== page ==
Some West Germans' hackles are raised by census-taking
The powers that be now know that my 105-square-meter apartment is centrally heated, that I am a foreign journalist with an M.A. who walks to work, and that my religion is ``other'' (than Roman Catholic, Evangelical, Jewish, or Islamic). As they didn't ask, they don't know my salary. Since the local police and tax officials already have this information, it isn't clear how far the community's sociological knowledge has been advanced by my and my neighbors' reiteration of our personal data.
But for bureaucrats who want to make reliable forecasts about pensions, transportation, and the economy, there is an obvious need for a census after 17 years - the longest hiatus since modern Germans began counting themselves in 1871.
For census opponents, though, there is an obvious need to reject what they see as coercion by the state.
Bonn is convinced that the census will show it if the population really is 61 million and shrinking, as everyone assumes, as well as how many new apartments are needed where, and how many of the schools built during the baby-boom years are now superfluous.
It will, that is, if less that 5 percent of the population turns out to have been convinced by opponents to spill coffee on the questionnaires or otherwise invalidate them. For with Germanic thoroughness, a righteous battle has been raging over the census. Each side has accused the other of fascism and proclaimed its own position as (in the government's pro-campaign) a ``matter of honor,'' or (in the boycotters' anti-campaign) a matter of ``only sheep get counted.''
As census questionnaires were returned this week, the authorities thought their public-relations campaign - with movies, TV spots, and flyers and brochures by the millions - had gotten the balkers down to 2 percent, low enough not to skew the statistics. But the resisters claimed some moral victory in anti-state consciousness-raising.
Clearly there is more than just policy skirmishing here. In what various politicians have called ``exaggerated'' or ``hysterical'' quarrels, the two sides have not only branded their adversaries as fascists, but have also cast themselves as the defenders of democracy. In a nation that is relatively new to democracy and has seen such excessive emphasis on collective over individual interests in past regimes, there is not always common agreement on just what self-government should mean when it comes to mediating between personal rights and social needs.
Thus, Jutta Ditfurth, one of the national spokesmen of the countercultural Greens, told a recent party gathering in southwest Germany, ``The supporters of the census are the same ones who are for building atomic energy, stoking an arms buildup, and treating the revival of fascism as harmless.'' She found it ominous that Jews were again asked to identify themselves and warned, ``The censuses of the Nazi time were the basis for the later mass extermination.''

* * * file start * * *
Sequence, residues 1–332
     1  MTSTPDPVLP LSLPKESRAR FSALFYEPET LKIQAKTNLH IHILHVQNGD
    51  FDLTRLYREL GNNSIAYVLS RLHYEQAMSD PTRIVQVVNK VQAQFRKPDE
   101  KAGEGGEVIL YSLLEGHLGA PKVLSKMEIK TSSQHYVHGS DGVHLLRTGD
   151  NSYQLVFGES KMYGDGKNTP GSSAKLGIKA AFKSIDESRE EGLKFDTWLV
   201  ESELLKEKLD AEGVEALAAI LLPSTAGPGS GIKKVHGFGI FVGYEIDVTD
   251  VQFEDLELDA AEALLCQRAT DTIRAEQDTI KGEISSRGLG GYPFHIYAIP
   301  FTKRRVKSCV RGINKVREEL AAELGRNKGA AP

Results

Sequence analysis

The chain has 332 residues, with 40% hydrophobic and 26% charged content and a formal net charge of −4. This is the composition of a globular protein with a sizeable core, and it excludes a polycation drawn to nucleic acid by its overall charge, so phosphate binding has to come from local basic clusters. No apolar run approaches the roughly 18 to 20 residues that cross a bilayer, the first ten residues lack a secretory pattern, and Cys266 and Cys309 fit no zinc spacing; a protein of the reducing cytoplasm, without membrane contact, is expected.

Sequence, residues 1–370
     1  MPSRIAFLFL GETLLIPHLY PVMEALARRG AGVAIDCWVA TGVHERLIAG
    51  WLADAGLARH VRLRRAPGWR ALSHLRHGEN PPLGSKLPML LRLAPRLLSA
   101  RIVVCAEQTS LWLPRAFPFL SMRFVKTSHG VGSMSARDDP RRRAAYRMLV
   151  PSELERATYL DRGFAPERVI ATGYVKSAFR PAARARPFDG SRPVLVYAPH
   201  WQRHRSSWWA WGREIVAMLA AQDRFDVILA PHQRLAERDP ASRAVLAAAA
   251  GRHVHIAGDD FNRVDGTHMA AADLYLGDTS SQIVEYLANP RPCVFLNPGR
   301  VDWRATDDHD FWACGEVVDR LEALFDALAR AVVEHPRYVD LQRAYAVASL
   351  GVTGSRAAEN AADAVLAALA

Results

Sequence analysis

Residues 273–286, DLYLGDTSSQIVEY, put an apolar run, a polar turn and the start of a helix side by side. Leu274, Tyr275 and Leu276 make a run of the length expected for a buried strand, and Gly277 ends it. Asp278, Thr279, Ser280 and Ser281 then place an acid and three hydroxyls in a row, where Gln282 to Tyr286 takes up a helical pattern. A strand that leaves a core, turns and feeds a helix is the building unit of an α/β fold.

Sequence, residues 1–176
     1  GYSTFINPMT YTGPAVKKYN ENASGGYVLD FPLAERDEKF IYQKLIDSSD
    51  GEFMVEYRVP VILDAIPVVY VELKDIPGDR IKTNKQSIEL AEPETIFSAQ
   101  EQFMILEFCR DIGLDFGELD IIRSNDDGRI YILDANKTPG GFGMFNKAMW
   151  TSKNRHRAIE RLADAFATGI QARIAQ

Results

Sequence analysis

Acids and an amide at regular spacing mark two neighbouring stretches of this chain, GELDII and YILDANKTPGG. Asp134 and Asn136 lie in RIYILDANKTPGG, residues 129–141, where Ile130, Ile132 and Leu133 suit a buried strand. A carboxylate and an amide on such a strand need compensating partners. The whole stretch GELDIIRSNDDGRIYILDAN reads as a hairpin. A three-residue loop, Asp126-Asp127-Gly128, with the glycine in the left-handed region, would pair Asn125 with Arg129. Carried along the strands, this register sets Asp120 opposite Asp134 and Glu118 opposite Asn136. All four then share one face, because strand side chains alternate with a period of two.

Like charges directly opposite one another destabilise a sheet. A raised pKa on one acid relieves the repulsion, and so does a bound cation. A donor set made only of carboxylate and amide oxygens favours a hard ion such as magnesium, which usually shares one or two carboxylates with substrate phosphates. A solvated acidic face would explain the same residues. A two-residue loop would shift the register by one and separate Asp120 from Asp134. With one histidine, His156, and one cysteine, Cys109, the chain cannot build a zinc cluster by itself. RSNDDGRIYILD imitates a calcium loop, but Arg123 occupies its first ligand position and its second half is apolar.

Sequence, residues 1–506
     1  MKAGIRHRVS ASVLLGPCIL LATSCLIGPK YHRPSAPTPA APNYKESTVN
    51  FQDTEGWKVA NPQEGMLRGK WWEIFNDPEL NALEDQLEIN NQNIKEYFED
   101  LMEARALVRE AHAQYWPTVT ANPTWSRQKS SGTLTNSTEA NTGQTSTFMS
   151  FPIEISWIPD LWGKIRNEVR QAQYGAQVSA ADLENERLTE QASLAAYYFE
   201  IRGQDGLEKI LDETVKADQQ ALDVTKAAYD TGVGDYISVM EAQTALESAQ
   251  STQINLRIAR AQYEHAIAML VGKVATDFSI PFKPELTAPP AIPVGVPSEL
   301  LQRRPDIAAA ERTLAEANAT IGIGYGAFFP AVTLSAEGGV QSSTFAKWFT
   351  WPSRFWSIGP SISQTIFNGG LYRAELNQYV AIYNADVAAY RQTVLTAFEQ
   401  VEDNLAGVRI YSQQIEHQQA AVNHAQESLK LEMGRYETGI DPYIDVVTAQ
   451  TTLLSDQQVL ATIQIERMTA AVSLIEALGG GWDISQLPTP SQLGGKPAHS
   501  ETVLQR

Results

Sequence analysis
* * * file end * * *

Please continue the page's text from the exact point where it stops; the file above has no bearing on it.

In this issue, as in demonstrations against nuclear power and against extension of airport runways, Green ``fundamentalists'' like Ditfurth deem it a self-evident virtue to oppose the state. They argue that, because Germans lacked the civil courage to resist the state under Hitler, today's Germans have a compensatory duty to resist the state whenever they think it is acting improperly. And they think the state has acted improperly in letting people sometimes fill out questionnaires for neighbors and in assigning policemen to make surveys in the earlier stage of the census.
Officials argue, on the contrary, that it is turning democracy on its head to set each citizen up as judge of what is right or wrong. They contend that in a democracy there are representative institutions such as the legislature and courts to make those decisions. They say that once the census was approved by a majority in Parliament - and once the questionnaire was rewritten to meet the norms of data protection set by the Constitutional (supreme) Court in 1983 - it was no longer democratic to interfere with the census. In particular, conservatives charge the Greens with stimulating physical assaults these past weeks on some two dozen of the half million census takers.
To enforce their point of view, the federal and various state governments mounted police raids on census boycotters and on some offices of the Greens - and also fined the Green members of Parliament for unfurling a banner outside the Bundestag calling for a boycott.
They also set a daunting fine of 10,000 marks ($5,555) for anyone boycotting the census or giving false information. How the authorities expect to identify the givers of false information is not clear, however, since according to the law, the outer envelope bearing names and addresses must be destroyed before the machine-readable questionnaire inside is fed to the computer.